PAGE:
A public service of KidsAndCars.org.

Heat Is Deadly for People and Pets

by | Jul 26, 2015 | Health & Wellness, Weather

By Susan Larson

The combination of heat and humidity will cause the heat index to reach 100 degrees by Wednesday afternoon, according to the National Weather Service.

Temperatures can rise 20 degrees in just 10 minutes inside a car, according Safecar.gov.  When outside temperatures are only in the 60s, the temperature inside a car can rise to more than 110 degrees.  Leaving a window rolled down does not help.

“Heatstroke can happen when the temperature is as low as 57 degrees outside.”

“A child’s body temperature can rise up to five times faster than an adult’s.”  High body temperatures can cause permanent injury or even death.”

How Not to Forget: Don’t Leave Children in Hot Cars

“On average, 38 children die in hot cars each year from heat-related deaths after being trapped inside motor vehicles,” KidsandCars.org.  “Even the best of parents or caregivers can unknowingly leave a sleeping baby in a car; and the end result can be injury or even death.”

Put your purse, briefcase or whatever you must take out of the car with you next to the child—not in the front seat with you.
Situate a mirror in the backseat so you can see children easily who are still small enough to be in rear-facing child seats.
“Look Before You Lock” – make it a habit of opening the back door and looking inside every single time you get out of your car, even if you think you’re sure you don’t have a child with you.
Put a large stuffed animal in the child’s car seat when it’s not occupied, and move the stuffed animal to the front seat when the child is in the car seat. The stuffed animal will serve as a visual reminder in the front seat with you.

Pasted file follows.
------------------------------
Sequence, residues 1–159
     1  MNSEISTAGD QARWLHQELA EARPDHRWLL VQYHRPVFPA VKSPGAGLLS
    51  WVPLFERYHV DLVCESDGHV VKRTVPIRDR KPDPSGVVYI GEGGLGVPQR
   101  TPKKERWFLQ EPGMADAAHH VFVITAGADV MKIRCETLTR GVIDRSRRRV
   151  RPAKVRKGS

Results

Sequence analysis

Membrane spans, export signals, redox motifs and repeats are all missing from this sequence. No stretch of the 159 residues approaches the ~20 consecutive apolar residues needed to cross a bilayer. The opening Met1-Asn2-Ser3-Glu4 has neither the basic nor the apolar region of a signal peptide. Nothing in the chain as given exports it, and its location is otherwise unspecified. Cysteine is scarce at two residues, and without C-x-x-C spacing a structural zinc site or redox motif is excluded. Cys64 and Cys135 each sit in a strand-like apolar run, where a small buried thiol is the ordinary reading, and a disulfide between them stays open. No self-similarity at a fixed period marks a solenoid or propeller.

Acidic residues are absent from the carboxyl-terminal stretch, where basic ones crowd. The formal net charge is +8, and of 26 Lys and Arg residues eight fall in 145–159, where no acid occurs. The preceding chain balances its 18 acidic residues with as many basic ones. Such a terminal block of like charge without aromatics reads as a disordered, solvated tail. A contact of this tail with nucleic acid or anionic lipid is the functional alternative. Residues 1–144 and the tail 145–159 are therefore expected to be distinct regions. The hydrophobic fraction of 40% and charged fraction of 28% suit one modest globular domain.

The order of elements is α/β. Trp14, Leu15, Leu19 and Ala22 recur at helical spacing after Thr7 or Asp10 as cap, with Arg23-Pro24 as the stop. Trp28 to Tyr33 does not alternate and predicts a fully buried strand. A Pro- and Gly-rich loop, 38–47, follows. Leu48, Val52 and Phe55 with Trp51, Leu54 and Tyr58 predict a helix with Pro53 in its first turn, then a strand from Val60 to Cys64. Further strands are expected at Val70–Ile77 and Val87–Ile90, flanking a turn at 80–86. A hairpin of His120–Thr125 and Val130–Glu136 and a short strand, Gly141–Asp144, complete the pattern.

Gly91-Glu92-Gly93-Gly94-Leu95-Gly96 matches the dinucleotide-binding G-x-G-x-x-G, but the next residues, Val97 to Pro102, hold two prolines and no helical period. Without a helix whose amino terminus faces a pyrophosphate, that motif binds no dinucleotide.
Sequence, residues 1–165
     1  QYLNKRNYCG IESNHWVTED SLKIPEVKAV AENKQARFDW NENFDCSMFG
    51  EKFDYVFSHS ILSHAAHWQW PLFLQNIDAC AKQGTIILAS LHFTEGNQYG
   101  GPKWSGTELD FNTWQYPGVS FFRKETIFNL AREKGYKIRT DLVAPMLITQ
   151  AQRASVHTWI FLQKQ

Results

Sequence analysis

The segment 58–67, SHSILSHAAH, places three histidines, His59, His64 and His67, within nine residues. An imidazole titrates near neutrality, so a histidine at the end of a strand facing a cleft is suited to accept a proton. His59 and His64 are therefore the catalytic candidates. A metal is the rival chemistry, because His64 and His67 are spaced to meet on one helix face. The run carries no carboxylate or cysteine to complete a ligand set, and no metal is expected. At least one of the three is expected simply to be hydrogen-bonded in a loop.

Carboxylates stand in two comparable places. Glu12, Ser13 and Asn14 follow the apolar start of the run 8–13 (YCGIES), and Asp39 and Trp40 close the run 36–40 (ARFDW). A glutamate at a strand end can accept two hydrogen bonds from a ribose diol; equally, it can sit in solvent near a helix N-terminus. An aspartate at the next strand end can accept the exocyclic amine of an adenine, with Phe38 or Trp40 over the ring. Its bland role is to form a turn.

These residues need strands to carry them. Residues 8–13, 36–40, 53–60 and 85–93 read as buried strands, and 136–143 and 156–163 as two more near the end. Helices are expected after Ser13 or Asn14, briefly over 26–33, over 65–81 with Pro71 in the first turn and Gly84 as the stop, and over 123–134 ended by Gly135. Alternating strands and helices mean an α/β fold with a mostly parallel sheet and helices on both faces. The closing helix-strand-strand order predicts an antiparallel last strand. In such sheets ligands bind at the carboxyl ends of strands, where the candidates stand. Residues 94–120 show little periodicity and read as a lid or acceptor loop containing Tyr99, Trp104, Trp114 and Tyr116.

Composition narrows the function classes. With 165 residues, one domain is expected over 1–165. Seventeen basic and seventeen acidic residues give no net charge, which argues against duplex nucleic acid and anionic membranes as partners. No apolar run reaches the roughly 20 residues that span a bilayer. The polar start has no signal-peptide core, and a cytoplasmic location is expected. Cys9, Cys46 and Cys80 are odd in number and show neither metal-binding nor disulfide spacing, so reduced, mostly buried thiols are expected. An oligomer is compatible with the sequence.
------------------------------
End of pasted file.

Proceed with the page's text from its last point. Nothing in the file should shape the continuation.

Make sure your child’s daycare center or babysitter calls you if your child does not show up as scheduled.

Heat and Pets

Pets should not be left outside or in cars on hot, humid days. Even with shade and water, pets, like people, can overheat.  Law enforcement offer these tips:

Never leave pets in a parked car. On a warm day, temperatures can rapidly rise to dangerous levels.
Shade and water are vital to pets. Pet owners must provide adequate shelter protecting animals from injury, rain, sleet, snow, hail, direct sunlight, and adverse effects of heat or cold. A dog house in the backyard with no access to shade does not protect animals from sun.
Limit exercise on hot days. Take care to adjust intensity and duration of exercise. Watch for shortness of breath and remember that asphalt gets very hot and can burn paws; walk your dog on the grass if possible.
Recognize the symptoms of heatstroke. If your pet shows signs such as heavy panting, glazed eyes, rapid heartbeat, vomiting, fever, dizziness, restlessness, excessive thirst and profuse salivation, contact your veterinarian immediately. Take steps to reduce the animal’s body temperature; apply ice packs or cold towels to the head, neck and chest, provide water and ice cubes for hydration, and move the animal into the shade or air-conditioning.

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